The Air Force said late Thursday it is awarding a $130 million contract to SpaceX to launch the Air Force Space Command-52 satellite into orbit. This Evolved Expendable Launch Vehicle launch service contract is the fifth procurement under the Phase1A strategy. The Air Force Space and Missile Systems Center in November issued a draft request for proposal for five launches in the EELV program. According to Thursday’s announcement, AFSPC-52 is a classified mission set to launch late in Fiscal 2020. The contract notice said the award covers launch vehicle production and mission, integration, launch operations, and “spaceflight worthiness activities.” SpaceX President Gwynne Shotwell said in a statement that the company was honored by the selection of its Falcon Heavy for the mission, adding that SpaceX is “pleased to continue offering the American taxpayer the most cost-effective, reliable launch services for vital national security space missions.” The contract notice said two proposals were received. SpaceX and United Launch Alliance are the two providers certified for National Security Space launches. ULA spokeswoman Jessica Rye said by email that while competition is good for the nation and for customers, “We are disappointed our offering was not selected.”  —Steve Hirsch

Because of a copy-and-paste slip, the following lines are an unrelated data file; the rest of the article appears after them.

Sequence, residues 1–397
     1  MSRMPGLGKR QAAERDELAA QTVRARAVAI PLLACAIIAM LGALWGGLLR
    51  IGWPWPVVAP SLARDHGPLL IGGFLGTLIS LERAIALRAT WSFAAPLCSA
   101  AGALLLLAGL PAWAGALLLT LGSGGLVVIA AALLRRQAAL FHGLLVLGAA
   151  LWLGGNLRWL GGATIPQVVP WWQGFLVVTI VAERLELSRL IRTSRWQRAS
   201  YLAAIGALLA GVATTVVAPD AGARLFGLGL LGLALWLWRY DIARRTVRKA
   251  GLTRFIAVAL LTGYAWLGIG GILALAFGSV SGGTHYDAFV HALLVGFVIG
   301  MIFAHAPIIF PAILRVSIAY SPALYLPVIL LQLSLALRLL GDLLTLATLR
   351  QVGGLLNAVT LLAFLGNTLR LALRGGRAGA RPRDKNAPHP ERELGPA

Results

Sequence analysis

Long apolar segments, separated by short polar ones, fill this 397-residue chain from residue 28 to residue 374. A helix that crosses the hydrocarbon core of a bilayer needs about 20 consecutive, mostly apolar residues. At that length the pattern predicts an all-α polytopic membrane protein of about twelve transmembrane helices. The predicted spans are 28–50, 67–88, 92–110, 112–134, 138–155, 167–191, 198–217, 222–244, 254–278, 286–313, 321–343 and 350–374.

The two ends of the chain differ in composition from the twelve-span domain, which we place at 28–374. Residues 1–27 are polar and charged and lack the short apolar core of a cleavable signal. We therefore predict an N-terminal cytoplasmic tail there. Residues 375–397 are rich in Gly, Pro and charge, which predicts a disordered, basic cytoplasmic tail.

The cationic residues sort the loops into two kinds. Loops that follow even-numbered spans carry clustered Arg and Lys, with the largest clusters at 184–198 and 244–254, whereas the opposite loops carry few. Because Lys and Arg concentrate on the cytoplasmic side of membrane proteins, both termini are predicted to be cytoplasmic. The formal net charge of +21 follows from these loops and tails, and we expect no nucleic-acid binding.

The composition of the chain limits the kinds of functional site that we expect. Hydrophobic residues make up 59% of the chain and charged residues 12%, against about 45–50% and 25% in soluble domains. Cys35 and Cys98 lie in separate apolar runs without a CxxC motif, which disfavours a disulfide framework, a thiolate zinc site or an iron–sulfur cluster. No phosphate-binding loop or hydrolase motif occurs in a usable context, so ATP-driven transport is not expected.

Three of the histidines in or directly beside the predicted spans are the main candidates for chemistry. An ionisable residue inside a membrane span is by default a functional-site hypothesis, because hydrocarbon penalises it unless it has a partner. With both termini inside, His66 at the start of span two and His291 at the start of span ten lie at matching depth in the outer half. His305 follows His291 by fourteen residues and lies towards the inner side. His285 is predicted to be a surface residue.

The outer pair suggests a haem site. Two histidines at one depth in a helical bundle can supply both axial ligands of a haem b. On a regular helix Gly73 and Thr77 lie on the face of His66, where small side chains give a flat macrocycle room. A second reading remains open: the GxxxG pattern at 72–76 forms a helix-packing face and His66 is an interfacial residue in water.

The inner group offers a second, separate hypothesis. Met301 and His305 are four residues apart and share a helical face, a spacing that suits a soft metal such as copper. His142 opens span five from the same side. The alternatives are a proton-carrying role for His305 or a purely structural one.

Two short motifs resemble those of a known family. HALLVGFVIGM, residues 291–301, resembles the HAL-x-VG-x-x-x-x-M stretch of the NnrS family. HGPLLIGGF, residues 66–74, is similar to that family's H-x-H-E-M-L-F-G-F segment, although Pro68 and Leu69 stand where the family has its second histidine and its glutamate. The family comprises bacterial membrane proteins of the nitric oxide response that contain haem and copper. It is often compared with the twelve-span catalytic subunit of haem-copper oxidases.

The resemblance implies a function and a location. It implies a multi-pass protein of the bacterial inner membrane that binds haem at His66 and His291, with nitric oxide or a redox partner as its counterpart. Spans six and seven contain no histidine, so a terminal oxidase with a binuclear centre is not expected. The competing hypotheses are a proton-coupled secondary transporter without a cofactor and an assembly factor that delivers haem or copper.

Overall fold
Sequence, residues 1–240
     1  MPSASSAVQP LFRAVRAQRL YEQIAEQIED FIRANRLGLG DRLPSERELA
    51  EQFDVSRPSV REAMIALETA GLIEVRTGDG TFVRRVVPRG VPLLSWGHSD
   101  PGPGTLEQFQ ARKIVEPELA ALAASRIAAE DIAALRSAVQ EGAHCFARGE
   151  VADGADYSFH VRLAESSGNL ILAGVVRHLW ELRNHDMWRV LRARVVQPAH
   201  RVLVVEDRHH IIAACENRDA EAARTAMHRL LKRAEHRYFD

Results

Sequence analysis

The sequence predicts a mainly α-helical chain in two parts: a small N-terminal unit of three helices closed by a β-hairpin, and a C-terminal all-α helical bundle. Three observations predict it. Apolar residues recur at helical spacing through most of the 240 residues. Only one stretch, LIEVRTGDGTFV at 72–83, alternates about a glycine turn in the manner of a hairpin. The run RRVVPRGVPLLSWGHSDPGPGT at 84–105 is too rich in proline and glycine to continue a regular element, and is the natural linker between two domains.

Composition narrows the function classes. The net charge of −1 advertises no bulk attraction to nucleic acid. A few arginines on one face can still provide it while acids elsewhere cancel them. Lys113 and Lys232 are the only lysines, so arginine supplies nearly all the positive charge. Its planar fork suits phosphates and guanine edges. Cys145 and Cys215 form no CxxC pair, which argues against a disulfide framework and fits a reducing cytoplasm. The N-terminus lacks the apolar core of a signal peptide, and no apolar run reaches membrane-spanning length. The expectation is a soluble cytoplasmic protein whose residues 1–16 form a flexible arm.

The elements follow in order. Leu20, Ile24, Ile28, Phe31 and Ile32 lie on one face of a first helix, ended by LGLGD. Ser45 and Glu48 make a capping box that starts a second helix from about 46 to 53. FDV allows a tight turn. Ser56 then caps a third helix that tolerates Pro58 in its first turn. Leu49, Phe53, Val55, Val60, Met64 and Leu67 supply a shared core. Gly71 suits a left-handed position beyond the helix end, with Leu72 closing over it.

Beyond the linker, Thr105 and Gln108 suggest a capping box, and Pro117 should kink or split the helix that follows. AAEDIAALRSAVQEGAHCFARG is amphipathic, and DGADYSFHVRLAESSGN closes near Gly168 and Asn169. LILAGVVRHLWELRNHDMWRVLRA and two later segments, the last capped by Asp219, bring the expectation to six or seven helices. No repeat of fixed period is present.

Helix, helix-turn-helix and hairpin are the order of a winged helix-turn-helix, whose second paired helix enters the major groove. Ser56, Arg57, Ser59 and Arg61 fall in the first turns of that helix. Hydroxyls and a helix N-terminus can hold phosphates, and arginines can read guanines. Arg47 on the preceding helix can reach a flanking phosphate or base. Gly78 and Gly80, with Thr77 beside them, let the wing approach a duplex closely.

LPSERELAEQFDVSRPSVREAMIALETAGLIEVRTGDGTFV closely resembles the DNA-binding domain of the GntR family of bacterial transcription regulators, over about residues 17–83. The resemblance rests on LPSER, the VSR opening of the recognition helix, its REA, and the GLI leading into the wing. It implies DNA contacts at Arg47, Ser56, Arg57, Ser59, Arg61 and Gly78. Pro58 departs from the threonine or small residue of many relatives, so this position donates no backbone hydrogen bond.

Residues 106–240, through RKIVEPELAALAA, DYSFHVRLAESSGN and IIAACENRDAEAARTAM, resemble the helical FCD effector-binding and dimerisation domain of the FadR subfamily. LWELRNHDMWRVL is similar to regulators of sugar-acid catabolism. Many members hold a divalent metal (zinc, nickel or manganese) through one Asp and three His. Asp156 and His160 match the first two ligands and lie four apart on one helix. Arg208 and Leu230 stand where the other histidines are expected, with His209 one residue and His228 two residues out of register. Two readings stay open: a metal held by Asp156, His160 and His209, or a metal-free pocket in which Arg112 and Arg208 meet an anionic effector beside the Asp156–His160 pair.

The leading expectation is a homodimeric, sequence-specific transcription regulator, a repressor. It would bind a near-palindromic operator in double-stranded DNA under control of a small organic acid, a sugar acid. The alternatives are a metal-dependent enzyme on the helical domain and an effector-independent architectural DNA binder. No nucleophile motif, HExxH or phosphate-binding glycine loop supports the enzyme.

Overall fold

Correction

An entry in the June 22 Daily Report incorrectly identified Rep. Mike Rogers’ political party. He is a Republican from Alabama. The entry has been corrected.

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RADAR SWEEP


—The Air Force has announced the 2017 Lance P. Sijan USAF Leadership Award winners. They are: Maj. Ryan Garlow, Air Mobility Command; Capt. M. Helen Marino, Air Force Office of Special Investigations; MSgt. Alison Middleton, Air Combat Command; and TSgt. Joshua Phillips, US Central Command: AFPC release.

—ICF has been awarded a $50 million contract for up to three and a half years to help Air Force Space Command transition its cyber mission to Air Combat Command: PRNewswire.

—The B-1s at Ellsworth AFB, S.D., were carrying the new AGM-158C Long Range Anti-Ship Missile, the service announced: Air Force Times.